As each week passes, more medical facilities are compromised and an increasing number of consumer medical records are bundled for sale on the dark web. These to be sale-able, the medical records must hold value in some form. Without this, the medical records would not be targeted.
The attackers are able to use this for identity theft. These medical records contain obviously charting for the patient, but also full patient name, SSN, and other ID data, e.g. the state driver’s license number. There may also be present in the record the patient’s payment information, present in the record the patient’s payment information, including the credit card number. The patient record may also have the patient’s picture. With this information and data, credit card fraud and identity theft is moderately easy. This could occur repeatedly occur over the years. The records could be sold repeatedly over the years, repeating the cycle.
This theft may not be noticeable for years. The attackers tend to slowly and methodically extract value from this. In comparison, a credit card is cancelled and a new card issued relatively quickly after fraud is detected. The medical records may be used for Medicare Fraud. This may involve fraudulent billing and over-billing. With a mass-amount of records, this could be rather lucrative for the deviants.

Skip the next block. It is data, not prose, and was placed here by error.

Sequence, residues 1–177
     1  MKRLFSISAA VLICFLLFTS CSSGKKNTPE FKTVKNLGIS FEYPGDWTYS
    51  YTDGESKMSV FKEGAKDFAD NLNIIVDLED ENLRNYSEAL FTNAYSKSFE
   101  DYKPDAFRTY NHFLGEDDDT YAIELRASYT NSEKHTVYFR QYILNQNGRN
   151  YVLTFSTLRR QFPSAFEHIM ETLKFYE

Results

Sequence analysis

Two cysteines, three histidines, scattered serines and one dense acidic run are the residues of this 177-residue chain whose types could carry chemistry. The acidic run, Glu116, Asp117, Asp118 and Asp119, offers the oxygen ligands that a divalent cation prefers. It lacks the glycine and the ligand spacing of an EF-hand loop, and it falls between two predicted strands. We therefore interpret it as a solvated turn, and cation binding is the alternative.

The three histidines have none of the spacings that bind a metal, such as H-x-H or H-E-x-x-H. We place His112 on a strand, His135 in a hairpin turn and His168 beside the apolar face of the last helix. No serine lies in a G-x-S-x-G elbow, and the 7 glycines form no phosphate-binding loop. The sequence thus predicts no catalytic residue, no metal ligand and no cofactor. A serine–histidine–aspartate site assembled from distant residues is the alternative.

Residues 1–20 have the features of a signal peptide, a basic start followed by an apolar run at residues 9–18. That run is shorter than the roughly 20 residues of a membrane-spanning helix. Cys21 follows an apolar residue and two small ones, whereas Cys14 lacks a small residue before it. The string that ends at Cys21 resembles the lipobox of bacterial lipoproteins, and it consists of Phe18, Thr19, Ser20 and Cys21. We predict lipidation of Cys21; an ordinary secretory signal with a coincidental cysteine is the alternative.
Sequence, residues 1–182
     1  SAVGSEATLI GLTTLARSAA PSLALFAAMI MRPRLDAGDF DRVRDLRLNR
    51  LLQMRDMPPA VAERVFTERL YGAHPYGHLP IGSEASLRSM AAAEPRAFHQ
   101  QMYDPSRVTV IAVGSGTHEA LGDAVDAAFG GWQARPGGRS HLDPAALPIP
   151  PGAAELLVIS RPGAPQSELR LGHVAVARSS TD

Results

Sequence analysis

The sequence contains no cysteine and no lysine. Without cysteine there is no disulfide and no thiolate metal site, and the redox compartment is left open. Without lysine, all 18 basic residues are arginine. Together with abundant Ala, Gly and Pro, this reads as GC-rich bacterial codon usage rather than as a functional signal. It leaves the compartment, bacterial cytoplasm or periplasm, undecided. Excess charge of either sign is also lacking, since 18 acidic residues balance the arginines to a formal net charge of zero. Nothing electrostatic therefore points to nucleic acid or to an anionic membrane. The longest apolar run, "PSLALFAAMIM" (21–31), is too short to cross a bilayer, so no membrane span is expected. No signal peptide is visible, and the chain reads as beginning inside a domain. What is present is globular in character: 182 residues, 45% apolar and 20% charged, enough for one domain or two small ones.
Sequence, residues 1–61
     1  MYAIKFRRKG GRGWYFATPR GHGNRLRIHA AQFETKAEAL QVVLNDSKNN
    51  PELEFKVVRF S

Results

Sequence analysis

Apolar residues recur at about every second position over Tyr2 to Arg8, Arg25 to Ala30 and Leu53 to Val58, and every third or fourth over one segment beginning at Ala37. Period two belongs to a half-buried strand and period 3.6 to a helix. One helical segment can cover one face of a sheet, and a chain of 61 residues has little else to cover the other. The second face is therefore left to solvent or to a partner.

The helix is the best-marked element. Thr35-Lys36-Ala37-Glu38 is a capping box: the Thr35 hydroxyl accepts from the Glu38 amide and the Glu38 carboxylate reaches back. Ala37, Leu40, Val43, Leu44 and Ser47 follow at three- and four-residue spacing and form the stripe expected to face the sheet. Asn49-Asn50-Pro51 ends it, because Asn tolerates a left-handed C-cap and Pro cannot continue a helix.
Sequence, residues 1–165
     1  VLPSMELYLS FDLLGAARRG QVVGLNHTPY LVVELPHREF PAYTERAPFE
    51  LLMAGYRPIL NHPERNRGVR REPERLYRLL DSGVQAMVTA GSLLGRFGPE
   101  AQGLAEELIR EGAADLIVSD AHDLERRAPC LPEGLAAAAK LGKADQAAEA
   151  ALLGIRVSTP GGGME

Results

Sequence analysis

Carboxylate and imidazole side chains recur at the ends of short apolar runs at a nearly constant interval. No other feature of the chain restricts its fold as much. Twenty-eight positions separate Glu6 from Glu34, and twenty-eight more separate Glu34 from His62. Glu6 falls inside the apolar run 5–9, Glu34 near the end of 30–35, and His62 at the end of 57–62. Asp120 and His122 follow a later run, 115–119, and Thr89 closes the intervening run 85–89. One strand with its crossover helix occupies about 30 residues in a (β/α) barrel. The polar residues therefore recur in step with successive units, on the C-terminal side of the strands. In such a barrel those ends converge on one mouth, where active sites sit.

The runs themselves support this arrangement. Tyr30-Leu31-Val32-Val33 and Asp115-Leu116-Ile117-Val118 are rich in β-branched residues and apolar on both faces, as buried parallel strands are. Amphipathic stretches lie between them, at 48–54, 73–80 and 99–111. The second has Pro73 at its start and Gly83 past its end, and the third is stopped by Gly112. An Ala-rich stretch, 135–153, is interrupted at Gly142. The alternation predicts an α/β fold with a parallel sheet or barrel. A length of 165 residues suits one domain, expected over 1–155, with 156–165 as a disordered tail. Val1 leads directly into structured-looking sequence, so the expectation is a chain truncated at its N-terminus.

The affected parties have a limited number of actions to take when this occurs. The consumer could contract with a third-party service to monitor their personal credit report. This has been met with mixed results as these services don’t always stop the credit reports from being pulled, as personally experienced. The other primary option is for the consumer to freeze their account. These options also have their own issues.
About the Author - Charles Parker, II has been working in the info sec field for over a decade, performing pen tests, vulnerability assessments, consulting with small- to medium-sized businesses to mitigate and remediate their issues, and preparing IT and info sec policies and procedures. Mr. Parker’s background includes work in the banking, medical, automotive, and staffing industries.
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